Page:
As a high-school graduation present to myself in 1993, I stayed up all night watching the original Star Wars trilogy on video. When the Extended Edition of The Return of the King arrived on DVD, I camped out on my couch and sat through all three Lord of the Rings films in their longest versions, one after the other. And for two separate retrospective assignments in anticipation of their recent big-screen rebirths, I endured all ten Star Trek movies and all eleven Friday the 13ths. But I can honestly say that as a film critic and lifelong cinephile, Transformers: Revenge of the Fallen may be the most movie I have ever experienced.

Michael Bay, condensing the cumulative total of the spectacle from all of his seven previous films into one unwieldy, gargantuan opus, has exceeded even the possibilities of sequel-driven "moreness," combining his own muscular, high-gloss sensibility with the conventions of blockbusters past, present, and probably future to create a monolithic action masterpiece that feels destined to be the biggest movie of all time.

Back from the first film are stars Shia LaBeouf and Megan Fox as Sam and Mikaela, whose romantic bond seems decidedly less destined when they're worrying about long-distance loving rather than lost alien civilizations. Before Sam can comfortably settle into collegiate life, leaving Mikaela to her own devices (literally) in her father's chop-shop garage, Optimus Prime (Peter Cullen) reaches out to him for help. Sam declines, wanting only to live a normal life, but is nevertheless drawn into the robots' civil war after he unwittingly absorbs information that will lead the Transformers to a massive power source that was lost centuries ago somewhere on Earth. But after Prime is mortally wounded while protecting him from a resurrected Megatron, Sam begins to realize that the only way to help a fallen leader may be to become one himself.

Anyone wondering when and if filmmakers would stop being so damn sensitive about the necessary end result of an attack on the world's populace will no doubt be relieved to know that Michael Bay has filled Revenge of the Fallen with more wanton, meaningless destruction than any other movie in recent memory: an on-screen acknowledgement of at least 7,000 deaths as a result of Transformer-related action puts this at the top of a shortlist of post-9/11 films that accept (if not embrace) the inevitability of civilian casualties. But only a true killjoy, or maybe just a person who mistakenly wandered into the theater after buying a ticket for The Hurt Locker, would dispute this film's raison d'etre, which is to be a piece of exhilarating, idiotic escapism; there isn't a single frame of film here that exists to convince audiences that anything in Revenge of the Fallen is, or is even meant to be realistic.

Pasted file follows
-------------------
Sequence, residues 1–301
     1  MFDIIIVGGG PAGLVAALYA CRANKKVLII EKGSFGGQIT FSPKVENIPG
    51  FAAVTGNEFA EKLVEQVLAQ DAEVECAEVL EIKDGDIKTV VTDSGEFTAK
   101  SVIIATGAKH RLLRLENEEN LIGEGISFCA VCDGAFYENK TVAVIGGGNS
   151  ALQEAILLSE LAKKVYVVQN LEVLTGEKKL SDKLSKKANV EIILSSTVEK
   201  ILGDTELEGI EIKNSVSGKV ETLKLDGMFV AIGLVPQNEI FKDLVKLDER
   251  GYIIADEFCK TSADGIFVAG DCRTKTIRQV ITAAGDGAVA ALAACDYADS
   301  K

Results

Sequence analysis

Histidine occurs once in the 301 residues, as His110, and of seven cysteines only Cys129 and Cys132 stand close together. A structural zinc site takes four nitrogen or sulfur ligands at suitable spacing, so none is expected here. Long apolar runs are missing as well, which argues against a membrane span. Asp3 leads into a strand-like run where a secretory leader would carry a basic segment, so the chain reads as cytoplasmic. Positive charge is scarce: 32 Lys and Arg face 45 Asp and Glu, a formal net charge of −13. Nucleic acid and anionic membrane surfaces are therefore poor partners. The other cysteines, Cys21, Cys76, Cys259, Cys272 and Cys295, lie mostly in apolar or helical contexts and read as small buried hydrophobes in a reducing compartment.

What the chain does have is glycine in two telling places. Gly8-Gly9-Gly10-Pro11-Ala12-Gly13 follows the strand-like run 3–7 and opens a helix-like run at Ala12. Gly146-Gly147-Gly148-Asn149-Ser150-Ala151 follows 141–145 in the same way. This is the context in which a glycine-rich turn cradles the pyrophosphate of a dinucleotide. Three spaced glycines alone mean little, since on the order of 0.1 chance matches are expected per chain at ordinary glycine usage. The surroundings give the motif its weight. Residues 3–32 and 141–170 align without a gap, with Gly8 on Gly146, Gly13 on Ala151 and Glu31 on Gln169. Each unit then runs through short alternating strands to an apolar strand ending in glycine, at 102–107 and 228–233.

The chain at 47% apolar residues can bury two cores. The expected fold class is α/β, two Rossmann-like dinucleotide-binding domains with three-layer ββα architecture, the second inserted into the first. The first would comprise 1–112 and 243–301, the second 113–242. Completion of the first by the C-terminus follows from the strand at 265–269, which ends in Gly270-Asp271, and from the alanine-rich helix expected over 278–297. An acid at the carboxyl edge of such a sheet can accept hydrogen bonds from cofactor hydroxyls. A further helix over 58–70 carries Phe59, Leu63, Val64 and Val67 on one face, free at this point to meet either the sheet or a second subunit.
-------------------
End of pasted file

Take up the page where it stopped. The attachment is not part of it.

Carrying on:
Rather, the film truly exemplifies Hollywood's belief that in blockbusters, more truly is more, be it a stake-raising death toll or just the allotted screen time for characters whose comedic potency is inversely proportionate to a lack of it. In particular, Sam's mom and dad are used entirely too often, not only to provide comic relief amidst the flying debris, or even pad the film's 147-minute running time, but to make the argument that this in some way is not a film about giant robots, but humans, which again isn't true, and truly does not matter. If it were or it did, the beginning of the film would find Sam not still smitten with Mikaela, but tired of hooking up with her after finally sealing the deal with his sexy but substance-free dream girl – a far more believable and fertile dramatic starting place for his character. Instead, Sam serves as a proxy for the fanboys in the audience who still drool longingly over Megan Fox, even as she serves as a physical substitute for the character development that ordinarily would take place were the movie not more obsessed with the many magnificent battles between Autobots and Decepticons.